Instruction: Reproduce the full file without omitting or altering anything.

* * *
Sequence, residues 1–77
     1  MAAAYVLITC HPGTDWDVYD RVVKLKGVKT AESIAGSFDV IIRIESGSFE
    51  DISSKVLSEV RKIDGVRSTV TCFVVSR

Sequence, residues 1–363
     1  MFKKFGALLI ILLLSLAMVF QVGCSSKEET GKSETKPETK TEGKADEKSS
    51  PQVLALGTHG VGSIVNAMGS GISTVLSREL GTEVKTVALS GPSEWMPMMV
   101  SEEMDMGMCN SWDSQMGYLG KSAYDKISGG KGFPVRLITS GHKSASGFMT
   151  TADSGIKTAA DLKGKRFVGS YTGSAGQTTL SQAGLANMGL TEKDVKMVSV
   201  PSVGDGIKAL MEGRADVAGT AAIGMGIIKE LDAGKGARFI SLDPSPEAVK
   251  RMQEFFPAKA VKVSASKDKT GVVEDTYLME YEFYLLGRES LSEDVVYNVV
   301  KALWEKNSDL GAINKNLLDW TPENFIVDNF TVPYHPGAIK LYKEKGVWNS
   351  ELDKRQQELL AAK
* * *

Sequence, residues 1–77
     1  MAAAYVLITC HPGTDWDVYD RVVKLKGVKT AESIAGSFDV IIRIESGSFE
    51  DISSKVLSEV RKIDGVRSTV TCFVVSR

Sequence, residues 1–363
     1  MFKKFGALLI ILLLSLAMVF QVGCSSKEET GKSETKPETK TEGKADEKSS
    51  PQVLALGTHG VGSIVNAMGS GISTVLSREL GTEVKTVALS GPSEWMPMMV
   101  SEEMDMGMCN SWDSQMGYLG KSAYDKISGG KGFPVRLITS GHKSASGFMT
   151  TADSGIKTAA DLKGKRFVGS YTGSAGQTTL SQAGLANMGL TEKDVKMVSV
   201  PSVGDGIKAL MEGRADVAGT AAIGMGIIKE LDAGKGARFI SLDPSPEAVK
   251  RMQEFFPAKA VKVSASKDKT GVVEDTYLME YEFYLLGRES LSEDVVYNVV
   301  KALWEKNSDL GAINKNLLDW TPENFIVDNF TVPYHPGAIK LYKEKGVWNS
   351  ELDKRQQELL AAK